MIT researchers have developed a method of analyzing data from NASA's Keplar space observatory, that allows for the detection of clouds present in the atmosphere of distant exoplanets. Whilst such work may seem like blue sky science, the research has potentially profound implications for determining the habitability of distant worlds.
A well-established method of detecting exoplanets is to use telescopes such as Hubble and Kepler, in order to detect the tell-tale dip of light which informs astronomers that a planetary body is transiting across the disk of its parent star.
A team of researchers from MIT has taken this process one step further, observing the subtle scattering of light that occurs as the light from the parent star scatters on clouds in the atmosphere of the distant planets. Depending on the composition of the clouds, the light scatters into different wavelengths, allowing astronomers to guess at the weather prevailing on worlds millions of miles from Earth.
At the time that the data was captured, Kepler was trained at a single spot in the night sky, constantly observing 145,000 stars, many of which play host to one or more exoplanets. Out of this multitude, the MIT team (led by assistant professor of aeronautics and astronautics Kerri Cahoy) chose to observe the exoplanet Kepler-7b.
Kepler-7b is known to be an inhospitable world, with temperatures in the atmosphere approximating 1,700 Kelvin. The team relied on existing data on temperature and pressure to create an atmospheric model of Kepler-7b, and used this to run more than 1,000 atmospheric model simulations in order to determine what kind of clouds present on the exoplanet would account for the light scattering detected by Kepler.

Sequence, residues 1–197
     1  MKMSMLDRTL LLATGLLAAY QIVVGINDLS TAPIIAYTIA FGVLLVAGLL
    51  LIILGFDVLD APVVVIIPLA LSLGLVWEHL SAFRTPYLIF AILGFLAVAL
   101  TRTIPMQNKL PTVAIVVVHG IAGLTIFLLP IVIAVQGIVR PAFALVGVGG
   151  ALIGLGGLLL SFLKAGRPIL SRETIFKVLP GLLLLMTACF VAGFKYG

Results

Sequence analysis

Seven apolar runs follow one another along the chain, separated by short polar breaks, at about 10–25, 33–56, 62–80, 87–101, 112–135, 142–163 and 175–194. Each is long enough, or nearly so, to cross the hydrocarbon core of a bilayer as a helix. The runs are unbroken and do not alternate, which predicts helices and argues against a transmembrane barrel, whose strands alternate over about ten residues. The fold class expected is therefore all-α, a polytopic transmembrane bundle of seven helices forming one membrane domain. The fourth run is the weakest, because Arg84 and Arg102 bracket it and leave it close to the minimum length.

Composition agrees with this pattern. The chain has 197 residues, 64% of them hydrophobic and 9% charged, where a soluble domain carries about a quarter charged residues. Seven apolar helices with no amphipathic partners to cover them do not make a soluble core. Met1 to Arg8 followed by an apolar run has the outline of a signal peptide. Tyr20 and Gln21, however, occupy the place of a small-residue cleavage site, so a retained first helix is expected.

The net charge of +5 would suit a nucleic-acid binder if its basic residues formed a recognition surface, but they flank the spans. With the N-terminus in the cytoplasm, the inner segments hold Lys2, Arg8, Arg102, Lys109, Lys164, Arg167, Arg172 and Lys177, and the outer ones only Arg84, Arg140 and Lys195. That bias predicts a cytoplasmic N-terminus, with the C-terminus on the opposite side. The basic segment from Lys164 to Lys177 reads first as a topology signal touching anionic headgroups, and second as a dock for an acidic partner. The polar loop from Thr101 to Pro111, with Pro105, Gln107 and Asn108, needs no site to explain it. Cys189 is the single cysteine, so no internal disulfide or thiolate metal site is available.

It was found that Kepler-7b most likely plays host to clouds composed of vaporized silicates and magnesium. These are minerals ordinarily found in rocks on Earth, however the extreme heat present in the exoplanet's atmosphere allows them to exist in cloud form.
"A planet’s cloud coverage and composition also has a significant impact on how much of the energy from its star it will reflect, which in turn affects its climate and ultimately its habitability," states Nikole Lewis, a postdoc at MIT's Department of Earth, Atmospheric, and Planetary Sciences. "So right now we are looking at these big gas-giant planets because they give us a stronger signal. But the same methodology could be applied to smaller planets, to help us determine if a planet is habitable or not."
Looking to the future, the team hopes to apply the method to Kepler's follow-up mission, K2, which will focus on a different region of the night sky and on data returned by MIT's own Transiting Exoplanet Survey Satellite.